Paul Gauguin's Intimate Journals (Classic Reprint)

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Excerpt from Paul Gauguin's Intimate Journals

A fantastic Gauguin legend, distorted in many retellings, has come into being. A legend far better known than his strikingly individual pictures are known, and, in this country, at least, discussed by thou sands who are quite oblivious of my father's accredited rank as one of the greatest masters of painting.

Everywhere this story has captured the popular fancy. Once upon a time there was a middle-aged, somewhat commonplace and mod erately successful stock broker. He had a wife and three children to whom he was extremely devoted. Neither his family nor his friends had cause to suspect that he entertained any other ambition than to finish his days as a prosperous business man and a good pater familias. Then one night he shed all his domestic Virtues in his sleep. He awoke an inhuman monster. Gone was his love of family. Gone were his bourgeois ambitions and respectability. A burning fever to paint possessed him. So he ?ed to Paris, with never a thought or a care for his dependent family, and devoted himself to his newly adopted art in sublime defiance of academic tradition. And at last, finding civilization too irksome to be borne, he retired to Tahiti, where he lived and loved and painted and died like a savage.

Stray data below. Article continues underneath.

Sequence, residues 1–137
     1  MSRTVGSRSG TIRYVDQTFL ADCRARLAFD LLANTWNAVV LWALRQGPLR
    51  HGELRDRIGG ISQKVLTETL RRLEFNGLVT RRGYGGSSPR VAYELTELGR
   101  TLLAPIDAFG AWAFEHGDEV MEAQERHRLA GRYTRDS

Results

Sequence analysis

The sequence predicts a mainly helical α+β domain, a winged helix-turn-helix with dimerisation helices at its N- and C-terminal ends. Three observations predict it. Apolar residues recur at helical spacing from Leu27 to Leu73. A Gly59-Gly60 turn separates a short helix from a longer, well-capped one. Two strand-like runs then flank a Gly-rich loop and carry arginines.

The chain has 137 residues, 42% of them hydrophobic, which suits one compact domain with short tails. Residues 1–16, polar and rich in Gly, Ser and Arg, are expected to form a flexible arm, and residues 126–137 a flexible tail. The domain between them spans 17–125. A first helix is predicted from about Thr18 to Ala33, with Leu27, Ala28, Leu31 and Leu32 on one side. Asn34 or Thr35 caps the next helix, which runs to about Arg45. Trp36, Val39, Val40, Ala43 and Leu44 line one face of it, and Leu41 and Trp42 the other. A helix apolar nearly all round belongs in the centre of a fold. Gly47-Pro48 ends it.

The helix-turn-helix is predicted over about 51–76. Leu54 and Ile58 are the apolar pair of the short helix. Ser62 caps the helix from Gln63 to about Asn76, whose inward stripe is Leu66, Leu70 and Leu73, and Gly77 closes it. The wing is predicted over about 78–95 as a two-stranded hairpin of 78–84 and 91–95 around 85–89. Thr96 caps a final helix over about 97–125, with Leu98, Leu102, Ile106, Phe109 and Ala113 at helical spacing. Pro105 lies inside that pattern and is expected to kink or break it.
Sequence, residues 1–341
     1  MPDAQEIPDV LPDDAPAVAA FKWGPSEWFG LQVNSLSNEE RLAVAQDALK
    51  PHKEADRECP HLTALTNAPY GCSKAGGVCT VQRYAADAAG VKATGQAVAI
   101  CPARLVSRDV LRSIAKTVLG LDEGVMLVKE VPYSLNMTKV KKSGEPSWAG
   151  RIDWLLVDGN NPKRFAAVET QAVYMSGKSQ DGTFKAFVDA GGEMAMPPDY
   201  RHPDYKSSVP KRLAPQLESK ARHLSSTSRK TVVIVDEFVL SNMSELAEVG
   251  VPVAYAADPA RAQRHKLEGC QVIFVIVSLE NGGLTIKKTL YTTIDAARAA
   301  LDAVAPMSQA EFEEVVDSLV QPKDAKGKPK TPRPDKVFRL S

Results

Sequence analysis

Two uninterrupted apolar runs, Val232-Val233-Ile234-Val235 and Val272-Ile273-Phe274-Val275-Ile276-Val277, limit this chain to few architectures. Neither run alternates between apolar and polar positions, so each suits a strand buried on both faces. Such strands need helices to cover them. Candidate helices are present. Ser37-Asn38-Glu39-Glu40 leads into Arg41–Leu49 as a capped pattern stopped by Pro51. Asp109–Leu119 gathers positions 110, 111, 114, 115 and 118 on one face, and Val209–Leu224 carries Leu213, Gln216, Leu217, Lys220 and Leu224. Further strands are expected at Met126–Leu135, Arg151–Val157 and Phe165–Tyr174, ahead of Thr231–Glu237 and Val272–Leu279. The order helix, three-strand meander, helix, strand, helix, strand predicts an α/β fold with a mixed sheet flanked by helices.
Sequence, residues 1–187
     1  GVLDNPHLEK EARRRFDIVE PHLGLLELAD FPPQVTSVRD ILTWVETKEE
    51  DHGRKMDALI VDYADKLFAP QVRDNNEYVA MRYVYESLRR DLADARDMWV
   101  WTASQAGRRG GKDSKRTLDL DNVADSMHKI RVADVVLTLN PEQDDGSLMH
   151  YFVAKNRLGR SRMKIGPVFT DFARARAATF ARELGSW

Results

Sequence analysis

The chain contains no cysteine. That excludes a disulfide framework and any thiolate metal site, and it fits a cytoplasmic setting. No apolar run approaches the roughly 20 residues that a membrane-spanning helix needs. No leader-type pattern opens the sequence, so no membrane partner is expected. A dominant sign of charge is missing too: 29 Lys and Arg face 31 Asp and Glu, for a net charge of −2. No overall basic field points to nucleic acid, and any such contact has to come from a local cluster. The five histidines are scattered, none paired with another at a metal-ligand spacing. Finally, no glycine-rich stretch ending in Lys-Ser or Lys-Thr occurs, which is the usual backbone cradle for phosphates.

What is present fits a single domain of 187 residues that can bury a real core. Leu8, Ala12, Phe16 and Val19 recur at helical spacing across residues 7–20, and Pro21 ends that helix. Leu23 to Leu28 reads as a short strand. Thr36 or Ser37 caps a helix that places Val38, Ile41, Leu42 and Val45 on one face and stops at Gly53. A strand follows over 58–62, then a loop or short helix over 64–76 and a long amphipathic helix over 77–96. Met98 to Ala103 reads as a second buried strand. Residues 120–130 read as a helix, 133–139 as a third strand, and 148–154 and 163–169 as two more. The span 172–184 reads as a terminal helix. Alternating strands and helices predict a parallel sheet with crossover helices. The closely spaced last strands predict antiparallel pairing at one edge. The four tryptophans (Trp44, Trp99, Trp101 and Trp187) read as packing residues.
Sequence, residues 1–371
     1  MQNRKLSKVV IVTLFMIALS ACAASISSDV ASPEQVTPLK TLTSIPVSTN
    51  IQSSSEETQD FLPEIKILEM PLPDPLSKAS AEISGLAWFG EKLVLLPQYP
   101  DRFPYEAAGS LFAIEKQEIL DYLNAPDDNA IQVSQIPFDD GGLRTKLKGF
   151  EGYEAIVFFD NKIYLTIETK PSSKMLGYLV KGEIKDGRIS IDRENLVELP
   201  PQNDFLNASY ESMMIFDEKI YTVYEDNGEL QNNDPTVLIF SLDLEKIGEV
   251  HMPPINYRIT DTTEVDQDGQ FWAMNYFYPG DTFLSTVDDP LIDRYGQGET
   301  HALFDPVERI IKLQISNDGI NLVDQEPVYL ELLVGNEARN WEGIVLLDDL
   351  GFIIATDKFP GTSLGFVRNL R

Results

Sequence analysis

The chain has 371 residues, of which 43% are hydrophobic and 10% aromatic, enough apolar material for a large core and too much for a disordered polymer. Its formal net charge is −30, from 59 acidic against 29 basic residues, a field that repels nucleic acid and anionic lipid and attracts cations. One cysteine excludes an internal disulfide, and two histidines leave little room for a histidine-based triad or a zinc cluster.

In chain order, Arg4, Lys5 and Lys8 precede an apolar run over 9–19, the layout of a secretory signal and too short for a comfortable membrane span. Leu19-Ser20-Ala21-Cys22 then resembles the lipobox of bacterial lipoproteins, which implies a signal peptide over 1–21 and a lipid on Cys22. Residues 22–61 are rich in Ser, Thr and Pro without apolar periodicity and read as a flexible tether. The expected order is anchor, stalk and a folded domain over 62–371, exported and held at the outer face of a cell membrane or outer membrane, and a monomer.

It is a good story. It is a pity to contradict it, so many credulous souls have been entertained by it. But. Alas, it is not true. My father's decision to become a painter was no such J ekyl-and-hyde trans formation. I have a drawing he made of my mother as early as 1873, the year of their marriage. Indeed, all his life he had dabbled with paints, much to my mother's annoyance, when on occasions he would use her best linen table-cloth for canvas or her finest petticoat for paint-rags. It was 1882 when he definitely renounced commerce for art. His determination was reached after due consultation with my mother. She agreed to let him go, not because she had faith in his genius, but because she respected his passion for art. It was brave of her. It meant that she was to assume the burden of maintaining and educating the children. Sale bourgeoise, my father called her; but all his life he respected her profoundly.

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This book is a reproduction of an important historical work. Forgotten Books uses state-of-the-art technology to digitally reconstruct the work, preserving the original format whilst repairing imperfections present in the aged copy. In rare cases, an imperfection in the original, such as a blemish or missing page, may be replicated in our edition. We do, however, repair the vast majority of imperfections successfully; any imperfections that remain are intentionally left to preserve the state of such historical works.

Details

Publisher -

Language - English

Author(s) - Paul Gauguin

Hardback

Published Date - August 23 2019

ISBN - 9780331334784

Dimesions - 22.9 x 15.2 x 1.7 cm

Page Count - 260

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